After some industry executives criticized last year’s event for lacking a clear mission and focusing too heavily on advertising’s famous icons --a symbol of the industry’s past, not the future,
|The Anheuser-Busch Clydesdales will make an appearance in Manhattan as part of Advertising Week.
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“We want to raise advertising’s visibility, celebrate creativity and its contribution to the economy and attract young people to the industry,” said O. Burtch Drake, president of the American Association of Advertising Agencies, which conceived the first Advertising Week last year. “It’s primarily a [business-to-business] event; consumers are our last audience,” he said.
Conferences, seminars, award shows
The centerpiece of the week, Sept. 26-30, will be individual conferences, meetings, events and award programs from 31 ad industry groups using the week as a catalyst to conduct business. The 4A's, for example, will hold its account management conference during the week and American Business Media will host its Creative Excellence in Business Advertising (CEBA) awards. Supplementing those are special conferences and programs -- including Advertising Age’s Madison & Vine East and Ad Age Group sibling publication Creativity’s No Spot Film Festival -- and about 50 seminars, panels and keynote speakers focused on everything from Hispanic advertising trends to music marketing.
Of course, this being an ad industry gathering, Advertising Week also plays host to a roster of parties and concerts, including Monday’s exclusive opening night gala at the United Nations and, afterward, Fluid’s Battle of the Bands at Irving Plaza, where last year’s winners, McKinney & Silver, will defend its title against 10 other agency bands.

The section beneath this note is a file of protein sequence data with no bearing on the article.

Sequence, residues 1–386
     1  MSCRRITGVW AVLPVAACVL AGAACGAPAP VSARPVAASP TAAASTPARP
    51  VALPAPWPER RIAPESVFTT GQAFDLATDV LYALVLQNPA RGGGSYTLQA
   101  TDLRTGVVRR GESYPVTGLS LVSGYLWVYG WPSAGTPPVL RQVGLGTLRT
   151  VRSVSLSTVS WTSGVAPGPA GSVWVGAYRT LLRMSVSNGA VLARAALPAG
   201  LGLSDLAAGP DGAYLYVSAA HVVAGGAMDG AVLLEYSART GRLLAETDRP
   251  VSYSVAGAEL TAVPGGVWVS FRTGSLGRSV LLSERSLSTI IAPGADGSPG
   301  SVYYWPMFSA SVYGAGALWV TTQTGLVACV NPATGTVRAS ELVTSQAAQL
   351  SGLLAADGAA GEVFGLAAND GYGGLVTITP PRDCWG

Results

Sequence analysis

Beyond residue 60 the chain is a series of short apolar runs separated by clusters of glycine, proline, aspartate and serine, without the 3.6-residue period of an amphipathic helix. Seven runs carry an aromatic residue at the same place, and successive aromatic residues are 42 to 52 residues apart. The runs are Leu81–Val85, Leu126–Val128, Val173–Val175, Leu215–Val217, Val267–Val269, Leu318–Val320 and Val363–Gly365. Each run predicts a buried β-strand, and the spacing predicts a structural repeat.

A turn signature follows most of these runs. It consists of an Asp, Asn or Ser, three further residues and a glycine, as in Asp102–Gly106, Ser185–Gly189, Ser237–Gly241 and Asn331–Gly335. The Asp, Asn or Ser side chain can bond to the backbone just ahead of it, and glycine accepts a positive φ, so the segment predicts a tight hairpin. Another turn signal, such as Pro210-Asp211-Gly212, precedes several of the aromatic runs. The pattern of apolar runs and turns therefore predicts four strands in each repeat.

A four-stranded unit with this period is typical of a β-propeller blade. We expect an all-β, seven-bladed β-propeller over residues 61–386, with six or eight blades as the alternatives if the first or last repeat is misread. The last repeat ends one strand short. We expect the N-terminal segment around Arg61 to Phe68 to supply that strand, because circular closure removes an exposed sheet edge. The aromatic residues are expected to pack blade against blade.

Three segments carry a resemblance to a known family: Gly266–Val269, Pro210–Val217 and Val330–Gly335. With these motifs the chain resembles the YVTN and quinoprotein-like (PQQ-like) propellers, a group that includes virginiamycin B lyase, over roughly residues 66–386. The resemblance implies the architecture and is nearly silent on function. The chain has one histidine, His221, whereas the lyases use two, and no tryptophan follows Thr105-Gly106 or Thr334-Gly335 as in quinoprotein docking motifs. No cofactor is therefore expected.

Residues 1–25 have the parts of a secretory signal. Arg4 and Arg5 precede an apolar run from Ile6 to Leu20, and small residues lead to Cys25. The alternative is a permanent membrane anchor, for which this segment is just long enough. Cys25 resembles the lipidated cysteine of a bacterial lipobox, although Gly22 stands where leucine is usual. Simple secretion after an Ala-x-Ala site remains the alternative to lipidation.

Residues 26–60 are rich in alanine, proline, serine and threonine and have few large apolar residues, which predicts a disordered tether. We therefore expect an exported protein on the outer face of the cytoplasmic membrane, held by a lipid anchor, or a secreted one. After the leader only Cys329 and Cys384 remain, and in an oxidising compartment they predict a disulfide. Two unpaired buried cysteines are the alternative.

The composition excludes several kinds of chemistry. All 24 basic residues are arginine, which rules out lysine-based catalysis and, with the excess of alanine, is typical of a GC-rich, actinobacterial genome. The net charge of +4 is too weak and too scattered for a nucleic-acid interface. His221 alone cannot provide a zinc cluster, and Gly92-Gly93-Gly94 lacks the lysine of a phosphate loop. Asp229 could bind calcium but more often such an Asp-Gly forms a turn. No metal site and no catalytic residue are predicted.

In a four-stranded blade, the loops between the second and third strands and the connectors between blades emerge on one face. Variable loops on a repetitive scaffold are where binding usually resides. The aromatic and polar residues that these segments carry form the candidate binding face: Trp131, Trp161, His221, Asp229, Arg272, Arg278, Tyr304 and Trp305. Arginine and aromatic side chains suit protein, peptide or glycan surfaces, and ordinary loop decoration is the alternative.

Bud's Clydesdales come to big city
The public will still play a part in Advertising Week, Mr. Drake said. There will be online voting for the top advertising icons and slogans, to be inducted into the Madison Avenue Advertiser Walk of Fame. There will also again be a procession of advertising icons from Times Square to Madison Avenue; this year, Budweiser’s team of Clydesdale horses will make their first trip into New York in 30 years.
“[The icons] offer lots of engagement and touch points with consumers,” Mr. Drake said, "but they’ll be less centric to the look and branding of the week.” Mr. Drake also promises the Web site (www.advertisingweek.com) will be easier to navigate, designed to help industry outsiders know what’s open to the public.
Visits to other cities
Advertising Week also dropped “in New York” from its name this year and said it may in the future spin off daylong events in other key industry markets.
Here are some highlights from the event, Sept. 26-30: